The Phaserl


Lessons Learned At a Prepper Auction

from Survival Blog:

Last weekend, my spouse and I attended a very interesting auction. The auction was advertised as “Apocalypse Prepper Estate Auction.” It listed a large gun collection, large quantity of ammo, tools, household items, and four vehicles. The advertisement caught my eye, so off we went. We arrived in time to preview some of the items. I couldn’t believe what I was seeing. I stood there thinking it seemed as if he had used as a checklist. He had purchased every item ever mentioned in this blog. Then, I had to chuckle as I spotted a table with a dozen copies of Patriots by James Wesley, Rawles! Yes, he must have been a reader. We found a seat and prepared to see what kinds of deals we would be able to score and to people watch. Auctions can be very interesting entertainment at times. However, this one proved to not just be entertainment but an opportunity to learn some very important prepper lessons.

As the start of the auction approached, I looked around and saw well over 150 people at this auction. The auctioneer started the event by giving a few details of the estate. The auction was the estate of a 66 year old man who had recently and unexpectedly died. The family of the man asked the auctioneer to clean out the house. When the auctioneer arrived at the very small house, which was around 900 square feert, he found plastic totes stacked floor to ceiling, row after row, with just a path available through the center of the house. The auctioneer stated they found over 350 totes in the house along with a ton of food. The auctioneer threw out all the canned goods, wheat, et cetera and sorted through the items in the totes.

We stayed at the auction for over five hours, and at that time there were still enough items left to auction that it probably went for at least another hour to an hour and a half. They auctioned well over 100 guns– everything from your basic .22 pistol to AK47 to a Mosburg rifle. It was a prepper’s dream. There were tens of thousands of rounds of ammo; at least half of the five hours were devoted to auctioning the ammo! He had a dozen military surplus, camo colored rucksack/backpack type items that would be great bug out bags. He had several Kevlar vestspressure cookers, a dozen geiger counters, a couple of expensive night vision scopes, at least two dozen gas mask kits, along with an entire tote of gas mask filters! He had hundreds of knives. There were so many knives that they auctioned them by the boxful. There were even Berkey water filters and Mountain House canned emergency food. There were so many items it would take me paragraphs and paragraphs to name it all.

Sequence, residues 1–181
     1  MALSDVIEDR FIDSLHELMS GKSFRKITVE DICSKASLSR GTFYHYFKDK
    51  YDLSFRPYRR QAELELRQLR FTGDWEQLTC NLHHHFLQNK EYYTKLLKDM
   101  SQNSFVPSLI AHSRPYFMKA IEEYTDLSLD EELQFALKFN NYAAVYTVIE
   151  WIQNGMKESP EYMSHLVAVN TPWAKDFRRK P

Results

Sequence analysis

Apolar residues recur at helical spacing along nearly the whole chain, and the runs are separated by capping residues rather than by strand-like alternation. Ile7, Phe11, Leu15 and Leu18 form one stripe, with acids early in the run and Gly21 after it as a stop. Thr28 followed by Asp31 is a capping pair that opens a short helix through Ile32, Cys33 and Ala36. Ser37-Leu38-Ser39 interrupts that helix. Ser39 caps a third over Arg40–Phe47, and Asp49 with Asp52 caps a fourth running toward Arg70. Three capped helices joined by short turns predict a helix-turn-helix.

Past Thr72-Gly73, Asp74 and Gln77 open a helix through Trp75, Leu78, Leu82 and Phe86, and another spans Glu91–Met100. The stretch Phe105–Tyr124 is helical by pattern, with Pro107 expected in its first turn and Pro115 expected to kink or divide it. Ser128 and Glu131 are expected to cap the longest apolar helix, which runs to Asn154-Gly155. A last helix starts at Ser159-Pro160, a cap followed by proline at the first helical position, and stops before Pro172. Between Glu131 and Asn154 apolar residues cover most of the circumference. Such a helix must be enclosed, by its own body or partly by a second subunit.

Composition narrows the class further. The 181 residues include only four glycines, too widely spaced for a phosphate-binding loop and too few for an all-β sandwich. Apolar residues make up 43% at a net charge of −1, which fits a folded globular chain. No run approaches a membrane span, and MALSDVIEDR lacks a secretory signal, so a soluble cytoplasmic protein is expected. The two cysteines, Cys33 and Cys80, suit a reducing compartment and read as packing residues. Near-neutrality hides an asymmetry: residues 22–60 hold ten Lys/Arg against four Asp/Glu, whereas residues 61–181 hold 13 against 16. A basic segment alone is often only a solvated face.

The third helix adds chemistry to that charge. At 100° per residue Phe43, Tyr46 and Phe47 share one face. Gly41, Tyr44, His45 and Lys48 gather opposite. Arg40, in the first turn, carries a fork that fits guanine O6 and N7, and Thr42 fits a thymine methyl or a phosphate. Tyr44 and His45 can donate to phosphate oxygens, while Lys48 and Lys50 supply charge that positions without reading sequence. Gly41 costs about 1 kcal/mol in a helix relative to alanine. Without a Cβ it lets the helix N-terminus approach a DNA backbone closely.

Read More @

Help us spread the ANTIDOTE to corporate propaganda.

Please follow SGT Report on Twitter & help share the message.

1 comment to Lessons Learned At a Prepper Auction

  • Ed_B

    I found this article fascinating and wished that I could attend an estate auction such as this one. While a number of good ideas were expressed in the article, I found the author’s judgment of the deceased a little on the harsh side. After all, who says that he was prepping for his own use? A lot of the preps that I have are for my family. As a codger myself, I may not be around when the SHTF… but my children and grand children will be. A lot of what I do is done for them. And yes, I DO practice with rifles, pistols, and shotguns. Most of the time, this is some good quality time spent with my son. As a former Marine, he will make good use of the preps that I have, as well as his own, and recognizes their value. My other family members are not as aware as my son and I are but when the time comes my son WILL take over the preps and the family organization / survival efforts. He knows a little about gardening and I show him a lot of how-to tips. I also share with him and his wife the garden-fresh produce I grow, which is much appreciated. He well knows my mantra of “Those who would eat MUST learn to grow”.

Leave a Reply

You can use these HTML tags

<a href="" title=""> <abbr title=""> <acronym title=""> <b> <blockquote cite=""> <cite> <code> <del datetime=""> <em> <i> <q cite=""> <s> <strike> <strong>